When things are bad, I find it therapeutic to look to people whose work or example inspires me. These people remind me that there is still so much good in the world. I have learned so much from the examples of others and these people have helped me to be a better version of myself. I am so grateful that these people exist and that they generously share so much of themselves and/or their work (either with the world or on a more local level with me): Allie Flanary, Zoe Fisher, Emily Drabinski, Kaetrena Davis Kendrick, Adam Farkas, Melissa Wong, Nicole Cook, Veronica Arellano Douglas, Kendra Levine, Johanna Jacobsen Kiciman, Alison Macrina, Sara Robertson, Callan Bignoli, Adrienne Maree Brown, Nicole Pagowsky, Tara Brach, Adam Grant, the amazing people who founded and run We Here, Jocelyn K. Glei, Violet Fox, McKensie Mack, Amanda Leftwich, Kelly McElroy, Reed Garber-Pearson, Anne Helen Peterson, Andromeda Yelton, and Merinda Hensley. Thank you all for being amazing, generous, and inspiring in your own ways.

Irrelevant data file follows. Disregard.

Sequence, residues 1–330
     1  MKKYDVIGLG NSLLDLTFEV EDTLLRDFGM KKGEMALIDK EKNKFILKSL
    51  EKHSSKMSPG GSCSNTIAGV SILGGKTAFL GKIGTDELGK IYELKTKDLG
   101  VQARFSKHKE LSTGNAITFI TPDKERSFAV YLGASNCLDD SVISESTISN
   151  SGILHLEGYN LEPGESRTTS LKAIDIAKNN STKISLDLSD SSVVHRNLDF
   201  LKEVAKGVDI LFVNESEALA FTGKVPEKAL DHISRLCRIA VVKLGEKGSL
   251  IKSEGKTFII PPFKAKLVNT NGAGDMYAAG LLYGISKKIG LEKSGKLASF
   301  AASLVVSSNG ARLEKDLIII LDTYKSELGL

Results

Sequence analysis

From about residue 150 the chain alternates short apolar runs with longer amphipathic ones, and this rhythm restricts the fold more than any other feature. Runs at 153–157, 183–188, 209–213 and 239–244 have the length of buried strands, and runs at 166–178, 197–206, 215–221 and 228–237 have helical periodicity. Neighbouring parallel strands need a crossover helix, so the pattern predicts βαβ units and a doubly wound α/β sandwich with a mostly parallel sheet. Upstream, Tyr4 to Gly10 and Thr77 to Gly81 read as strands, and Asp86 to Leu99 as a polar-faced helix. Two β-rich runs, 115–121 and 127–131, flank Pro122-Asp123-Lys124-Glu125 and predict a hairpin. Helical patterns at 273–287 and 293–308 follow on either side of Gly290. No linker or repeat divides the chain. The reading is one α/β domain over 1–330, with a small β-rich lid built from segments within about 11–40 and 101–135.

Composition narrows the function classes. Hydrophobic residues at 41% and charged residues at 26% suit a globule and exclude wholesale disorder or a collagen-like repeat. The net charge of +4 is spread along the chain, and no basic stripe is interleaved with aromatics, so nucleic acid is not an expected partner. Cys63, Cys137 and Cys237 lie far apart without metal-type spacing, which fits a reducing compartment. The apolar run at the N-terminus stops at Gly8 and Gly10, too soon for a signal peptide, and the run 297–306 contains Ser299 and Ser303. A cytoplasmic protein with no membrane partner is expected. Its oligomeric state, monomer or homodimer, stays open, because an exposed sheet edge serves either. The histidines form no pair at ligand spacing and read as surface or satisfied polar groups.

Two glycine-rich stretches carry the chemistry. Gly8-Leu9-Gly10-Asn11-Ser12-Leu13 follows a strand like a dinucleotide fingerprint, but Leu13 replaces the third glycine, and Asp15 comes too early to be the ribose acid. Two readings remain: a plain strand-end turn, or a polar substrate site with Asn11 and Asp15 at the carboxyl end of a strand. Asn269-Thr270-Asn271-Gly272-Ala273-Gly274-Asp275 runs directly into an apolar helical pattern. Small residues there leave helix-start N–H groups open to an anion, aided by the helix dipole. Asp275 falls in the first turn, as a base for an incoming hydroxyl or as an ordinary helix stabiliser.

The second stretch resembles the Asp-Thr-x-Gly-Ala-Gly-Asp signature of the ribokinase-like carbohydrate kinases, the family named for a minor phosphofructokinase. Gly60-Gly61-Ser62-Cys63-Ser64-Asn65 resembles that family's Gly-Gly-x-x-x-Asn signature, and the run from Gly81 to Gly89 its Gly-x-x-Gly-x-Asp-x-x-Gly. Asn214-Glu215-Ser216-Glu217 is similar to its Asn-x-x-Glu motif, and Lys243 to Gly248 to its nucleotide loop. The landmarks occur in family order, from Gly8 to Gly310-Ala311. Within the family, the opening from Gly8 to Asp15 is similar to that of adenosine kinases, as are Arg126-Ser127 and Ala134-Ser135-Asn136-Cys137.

Books that Sparked Joy This Year
- Radical Self-Compassion by Tara Brach – this book has had such a huge impact on my life. I would recommend it to anyone who feels like they are often hard on or critical of themselves. I am so grateful to have discovered Tara Brach and her work.
- Do Nothing by Celeste Headley
- In Praise of Slowness by Carl Honoree
- Slow Food Nation : Why Our Food Should Be Good, Clean, and Fair by Carlo Petrini
- Democracy at Work by Richard Wolff (hard to believe that a book by an economist would spark joy, but wow, did I need this)
- Royal Holiday by Jasmine Guillory
- Party of Two by Jasmine Guillory
- Wow, No Thank You by Samantha Irby
- Poetry by Mary Oliver, especially Felicity
- Mindful Tech by David Levy
- The Heir Affair by Heather Cocks
- Get a Life Chloe Brown by Talia Hibbert
- The Bride Test by Helen Hoang
- Beach Read by Emily Henry
- Dear Girls by Ali Wong (the audiobook is read by Ali Wong and is hilarious)
- Digital Minimalism: Choosing a Focused Life in a Noisy World by Cal Newport